Similar changes in the economic functions of small towns took place in Europe over the last century. However, as a result of economic growth, these small towns developed new economic functions to replace those they had lost. In particular, as the costs of land and labor rose in the big cities, many mature industries moved out of the big cities and relocated in the less expensive small towns.
This has happened to some extent in Pakistan around Faisalabad, Gujranwala and Sialkot. But Pakistan over the past quarter-century has been characterized by industrial stagnation, and such relocation has not been widespread enough. In addition, fraudulent practices in the land market have deterred entrepreneurs from risking their investments in unfamiliar places where they might lack local contacts in the right places. On balance, small towns in Pakistan seem to have lost more economic functions than they have gained.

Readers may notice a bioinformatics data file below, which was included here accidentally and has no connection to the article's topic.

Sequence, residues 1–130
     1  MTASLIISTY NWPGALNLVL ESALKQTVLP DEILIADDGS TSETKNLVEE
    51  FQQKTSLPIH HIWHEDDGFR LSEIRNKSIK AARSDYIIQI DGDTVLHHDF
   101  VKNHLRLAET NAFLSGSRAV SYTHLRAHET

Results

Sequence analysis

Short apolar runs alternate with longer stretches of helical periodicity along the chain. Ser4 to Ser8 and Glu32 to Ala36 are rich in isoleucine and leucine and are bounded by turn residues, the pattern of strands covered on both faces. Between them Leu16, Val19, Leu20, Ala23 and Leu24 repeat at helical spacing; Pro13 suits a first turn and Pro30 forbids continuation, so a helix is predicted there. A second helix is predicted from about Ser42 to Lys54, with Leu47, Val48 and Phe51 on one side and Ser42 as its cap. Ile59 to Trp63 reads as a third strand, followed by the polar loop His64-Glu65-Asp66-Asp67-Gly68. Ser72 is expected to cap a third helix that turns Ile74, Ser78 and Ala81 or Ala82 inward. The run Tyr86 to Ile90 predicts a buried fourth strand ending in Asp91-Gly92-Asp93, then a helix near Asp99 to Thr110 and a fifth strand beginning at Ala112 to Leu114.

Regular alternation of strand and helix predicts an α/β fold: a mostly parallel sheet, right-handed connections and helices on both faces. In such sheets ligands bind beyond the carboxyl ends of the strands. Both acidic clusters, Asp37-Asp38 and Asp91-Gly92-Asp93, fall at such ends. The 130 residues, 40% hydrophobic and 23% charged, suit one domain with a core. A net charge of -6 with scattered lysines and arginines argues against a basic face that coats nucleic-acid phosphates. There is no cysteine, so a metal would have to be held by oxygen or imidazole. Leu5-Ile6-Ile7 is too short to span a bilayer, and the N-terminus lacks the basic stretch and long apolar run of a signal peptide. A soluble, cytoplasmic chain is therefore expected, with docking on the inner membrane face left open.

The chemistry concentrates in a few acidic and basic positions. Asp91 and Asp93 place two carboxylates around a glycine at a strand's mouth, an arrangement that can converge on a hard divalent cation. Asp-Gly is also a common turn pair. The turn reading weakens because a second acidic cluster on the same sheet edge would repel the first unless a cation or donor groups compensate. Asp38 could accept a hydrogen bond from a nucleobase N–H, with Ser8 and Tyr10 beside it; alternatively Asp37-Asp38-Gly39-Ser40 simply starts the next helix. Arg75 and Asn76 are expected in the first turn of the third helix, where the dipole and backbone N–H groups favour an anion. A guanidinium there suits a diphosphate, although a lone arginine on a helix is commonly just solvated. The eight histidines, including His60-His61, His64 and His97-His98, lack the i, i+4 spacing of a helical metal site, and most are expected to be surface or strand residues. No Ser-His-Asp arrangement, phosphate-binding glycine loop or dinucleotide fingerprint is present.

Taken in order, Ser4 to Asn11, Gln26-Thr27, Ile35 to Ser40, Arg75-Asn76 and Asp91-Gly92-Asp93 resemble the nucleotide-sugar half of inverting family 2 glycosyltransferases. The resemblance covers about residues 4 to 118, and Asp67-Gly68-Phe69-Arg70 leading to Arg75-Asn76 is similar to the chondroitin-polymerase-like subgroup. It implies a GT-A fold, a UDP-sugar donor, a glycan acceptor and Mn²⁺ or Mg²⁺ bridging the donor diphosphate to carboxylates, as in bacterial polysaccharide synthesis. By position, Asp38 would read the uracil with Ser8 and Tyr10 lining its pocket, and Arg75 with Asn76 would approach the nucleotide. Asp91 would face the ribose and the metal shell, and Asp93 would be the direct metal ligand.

Advances in communication and transport that have increased the reach of the big city have also had a negative impact on the social fabric of small towns. Small town elites formerly comprised property owners who used their political power to obtain public funds for improvements in local living conditions, e.g., roads, schools, clinics, etc. But technological advances have now made it possible for these elites to continue doing business in small towns while moving to live in bigger cities where better services and opportunities are available for themselves and their children. Their interest in the social improvement of small towns has thereby diminished considerably.